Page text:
William Cronon, Nature’s Metropolis: Chicago and the Great West (New York: W. W. Norton, c1991)
William Cronon has written an ambitious book in Nature’s Metropolis. Taking Chicago as his example he makes the argument that the traditional distinction between the city and the country masks a profound interdependence between the two. Cronon’s history of Chicago is the history of its relationship with a hinterland – with the farmers and timber men who made it wealthy. The city transformed the products of the country into capital, and that capital helped reorganize nature into the landscape of grains, livestock and timber we call the country. Cronon’s account of this relationship rushes along at a relentless pace that matches the driven energy of the city whose markets he is describing. He ranges across the vastness of the great plains, up and down their river systems, all the way to New York and back again, and through the greater part of the nineteenth century. The effect is rather like being on a train in that if you keep your eyes on the most distant features of the landscape – the Great Lakes, the Mississippi, the prairie horizon itself – you feel rather like you are standing still. But if you should let your gaze wander, and try to take in buildings and trees along the tracks, or the people in their yards, they disappear in a disorienting blur of speed and light. That effect is typical of longuée durée approaches, such as the one Cronon has taken in Nature’s Metropolis, and although he does occasionally reflect on the more human face of history his Olympian perspective can become numbing.
To be fair to Cronon, his ultimate interest is not the individual – not the farmer or the salesman or the capitalist – but the relation of an economic universe to an ecological one. The great agent of change in Nature’s Metropolis is capital, and the object upon which it acts and to which it reacts is the landscape. Capital flows with an inexorable logic in this world, from one market to the next, always following the path of least resistance. At the beginning of the nineteenth century the direction of those flows depended on the waterways along which large volumes of cargo could be moved, but by the end of the century that dependency had been broken, or at least qualified, by the railroads. Farmers in Iowa, to use one of his examples, no longer had to send their produce south via the Mississippi to St. Louis but could send it overland to Chicago if they so chose. And the farms themselves followed the tracks out of the narrow margins of the rivers along whose banks they had previously been huddled and into the prairie. Cronon argues that in this way the railroad not only extended the reach of the Chicago markets into the country, but extended the country itself deeper into the wilderness of the West. Following hard on this revolution in transport was a revolution in the way the merchants of Chicago imagined the very nature of nature’s products.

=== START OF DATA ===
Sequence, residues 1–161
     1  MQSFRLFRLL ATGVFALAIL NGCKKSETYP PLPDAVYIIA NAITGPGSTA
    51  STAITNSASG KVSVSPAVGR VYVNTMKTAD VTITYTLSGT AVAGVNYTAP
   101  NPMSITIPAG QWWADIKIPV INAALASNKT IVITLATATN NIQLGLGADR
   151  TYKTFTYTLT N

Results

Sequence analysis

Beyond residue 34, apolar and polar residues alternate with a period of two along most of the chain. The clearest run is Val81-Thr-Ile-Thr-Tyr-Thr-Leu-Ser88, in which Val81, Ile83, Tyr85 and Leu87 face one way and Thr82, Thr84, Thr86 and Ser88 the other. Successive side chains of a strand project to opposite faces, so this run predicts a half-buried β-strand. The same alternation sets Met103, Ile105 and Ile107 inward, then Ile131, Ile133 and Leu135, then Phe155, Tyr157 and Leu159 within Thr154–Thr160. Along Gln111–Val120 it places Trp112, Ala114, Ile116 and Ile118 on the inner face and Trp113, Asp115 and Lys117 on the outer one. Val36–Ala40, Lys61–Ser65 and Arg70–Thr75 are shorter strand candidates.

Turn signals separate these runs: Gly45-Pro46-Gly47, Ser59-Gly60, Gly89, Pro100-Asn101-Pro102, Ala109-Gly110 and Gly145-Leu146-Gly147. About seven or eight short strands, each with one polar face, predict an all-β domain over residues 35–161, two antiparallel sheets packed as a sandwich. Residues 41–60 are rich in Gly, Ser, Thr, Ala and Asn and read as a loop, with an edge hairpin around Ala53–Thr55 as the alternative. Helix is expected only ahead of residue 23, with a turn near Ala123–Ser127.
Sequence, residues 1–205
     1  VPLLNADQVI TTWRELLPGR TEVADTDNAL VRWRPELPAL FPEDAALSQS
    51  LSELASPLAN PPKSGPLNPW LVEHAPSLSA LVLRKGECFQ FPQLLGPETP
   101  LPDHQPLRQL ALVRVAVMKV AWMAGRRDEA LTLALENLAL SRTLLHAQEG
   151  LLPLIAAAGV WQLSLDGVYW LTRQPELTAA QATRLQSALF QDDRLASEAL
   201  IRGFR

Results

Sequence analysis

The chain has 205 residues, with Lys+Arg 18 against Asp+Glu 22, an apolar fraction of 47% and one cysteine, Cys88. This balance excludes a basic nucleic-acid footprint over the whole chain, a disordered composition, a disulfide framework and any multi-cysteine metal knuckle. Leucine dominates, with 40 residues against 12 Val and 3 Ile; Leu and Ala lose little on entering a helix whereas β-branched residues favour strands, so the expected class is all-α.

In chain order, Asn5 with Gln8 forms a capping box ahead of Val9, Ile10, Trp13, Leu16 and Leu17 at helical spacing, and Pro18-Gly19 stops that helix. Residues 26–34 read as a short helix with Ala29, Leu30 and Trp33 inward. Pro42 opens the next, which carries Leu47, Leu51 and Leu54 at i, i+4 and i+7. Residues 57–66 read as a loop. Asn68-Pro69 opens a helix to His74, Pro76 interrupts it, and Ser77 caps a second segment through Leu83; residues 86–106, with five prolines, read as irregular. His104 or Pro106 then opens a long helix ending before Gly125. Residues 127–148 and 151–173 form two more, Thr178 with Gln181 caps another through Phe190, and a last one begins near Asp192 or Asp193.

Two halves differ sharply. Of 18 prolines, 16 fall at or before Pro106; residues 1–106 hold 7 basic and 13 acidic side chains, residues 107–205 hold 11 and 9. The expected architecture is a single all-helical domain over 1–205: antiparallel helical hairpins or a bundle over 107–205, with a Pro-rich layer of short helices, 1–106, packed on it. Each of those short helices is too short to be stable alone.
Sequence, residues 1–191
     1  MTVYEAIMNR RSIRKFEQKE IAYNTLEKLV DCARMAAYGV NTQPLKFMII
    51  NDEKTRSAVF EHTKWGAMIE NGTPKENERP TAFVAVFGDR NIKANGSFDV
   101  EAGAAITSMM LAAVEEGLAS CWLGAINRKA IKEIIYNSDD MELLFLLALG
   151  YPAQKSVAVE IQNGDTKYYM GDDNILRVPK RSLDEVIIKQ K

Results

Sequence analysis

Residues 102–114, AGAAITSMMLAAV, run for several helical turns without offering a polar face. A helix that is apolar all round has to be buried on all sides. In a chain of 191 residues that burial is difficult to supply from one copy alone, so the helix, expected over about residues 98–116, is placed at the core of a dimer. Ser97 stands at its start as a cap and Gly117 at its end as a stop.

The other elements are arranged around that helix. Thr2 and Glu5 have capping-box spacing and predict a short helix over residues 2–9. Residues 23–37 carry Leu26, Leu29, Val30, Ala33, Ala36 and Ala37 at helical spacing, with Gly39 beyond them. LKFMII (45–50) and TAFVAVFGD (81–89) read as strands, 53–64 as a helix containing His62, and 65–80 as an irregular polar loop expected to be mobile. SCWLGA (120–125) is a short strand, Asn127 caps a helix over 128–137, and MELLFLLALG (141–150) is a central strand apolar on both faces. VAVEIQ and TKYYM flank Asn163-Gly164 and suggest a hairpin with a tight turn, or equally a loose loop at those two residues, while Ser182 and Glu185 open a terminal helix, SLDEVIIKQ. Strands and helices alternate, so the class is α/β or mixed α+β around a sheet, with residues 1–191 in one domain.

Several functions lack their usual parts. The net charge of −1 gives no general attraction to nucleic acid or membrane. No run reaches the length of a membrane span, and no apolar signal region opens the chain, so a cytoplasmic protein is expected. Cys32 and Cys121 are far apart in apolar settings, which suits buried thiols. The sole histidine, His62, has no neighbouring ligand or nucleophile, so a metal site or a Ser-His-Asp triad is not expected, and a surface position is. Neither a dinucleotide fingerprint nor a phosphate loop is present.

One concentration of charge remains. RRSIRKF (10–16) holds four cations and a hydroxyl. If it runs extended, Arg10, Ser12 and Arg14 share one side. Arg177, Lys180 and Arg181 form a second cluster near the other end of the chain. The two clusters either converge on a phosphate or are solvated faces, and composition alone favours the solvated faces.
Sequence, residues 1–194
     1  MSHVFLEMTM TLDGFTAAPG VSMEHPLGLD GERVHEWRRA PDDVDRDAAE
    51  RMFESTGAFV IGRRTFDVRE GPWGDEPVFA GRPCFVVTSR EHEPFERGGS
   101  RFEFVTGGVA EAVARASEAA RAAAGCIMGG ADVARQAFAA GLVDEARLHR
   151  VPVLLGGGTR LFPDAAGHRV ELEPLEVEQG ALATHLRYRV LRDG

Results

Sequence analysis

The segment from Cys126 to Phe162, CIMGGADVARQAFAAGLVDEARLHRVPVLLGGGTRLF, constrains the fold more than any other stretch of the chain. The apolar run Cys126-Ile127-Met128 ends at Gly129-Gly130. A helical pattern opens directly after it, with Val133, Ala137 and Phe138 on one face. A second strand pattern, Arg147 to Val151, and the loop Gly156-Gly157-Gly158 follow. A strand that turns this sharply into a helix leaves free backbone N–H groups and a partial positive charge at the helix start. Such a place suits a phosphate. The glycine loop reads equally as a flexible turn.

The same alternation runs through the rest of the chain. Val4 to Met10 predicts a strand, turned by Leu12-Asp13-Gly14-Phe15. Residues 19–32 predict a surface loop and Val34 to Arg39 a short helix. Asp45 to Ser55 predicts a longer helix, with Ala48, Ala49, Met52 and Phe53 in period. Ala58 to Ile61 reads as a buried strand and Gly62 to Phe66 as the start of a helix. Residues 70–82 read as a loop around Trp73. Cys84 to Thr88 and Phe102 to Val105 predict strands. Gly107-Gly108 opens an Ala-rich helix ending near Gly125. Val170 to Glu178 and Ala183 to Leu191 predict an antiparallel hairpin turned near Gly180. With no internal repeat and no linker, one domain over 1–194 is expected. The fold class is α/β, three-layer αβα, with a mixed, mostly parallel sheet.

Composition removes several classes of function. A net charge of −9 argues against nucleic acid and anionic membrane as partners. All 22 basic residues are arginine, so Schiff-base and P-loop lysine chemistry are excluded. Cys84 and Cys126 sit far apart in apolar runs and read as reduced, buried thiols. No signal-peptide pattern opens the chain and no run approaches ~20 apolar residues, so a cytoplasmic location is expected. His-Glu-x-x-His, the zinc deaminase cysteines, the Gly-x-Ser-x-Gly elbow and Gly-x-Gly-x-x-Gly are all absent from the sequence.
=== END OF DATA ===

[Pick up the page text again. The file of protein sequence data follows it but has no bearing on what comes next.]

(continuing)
In his remarkable chapter on wheat for example, Cronon tracks the history of that grain’s relation to Chicago. He discusses how farmers transformed the prairie into farms and how the new technologies of the railroad and the grain elevator transformed an agricultural product into an abstracted commodity. Once grain had become a commodity it could be traded on the futures market dozens of times in an afternoon “without a single kernel of wheat or corn moving so much as an inch.” It is an illuminating illustration of the basic mechanics of capitalism, and a lesson Cronon repeats in chapters on lumber and meat. It is also in this middle section of the book that the narrative begins to show the first signs of ideological strain. In these pages the city and country are an infernal machine that devours nature to spawn capital, and a continent whose delicate and beautiful ecology were thousands of years in the making is stripped bare. We see forests rooted up, the prairie ploughed under, and the skinned carcasses of the buffalo scattered across a de-natured countryside. Cronon’s great moral preoccupation is with the alienation of man from his environment. Fair enough, but what of the alienation of man from man?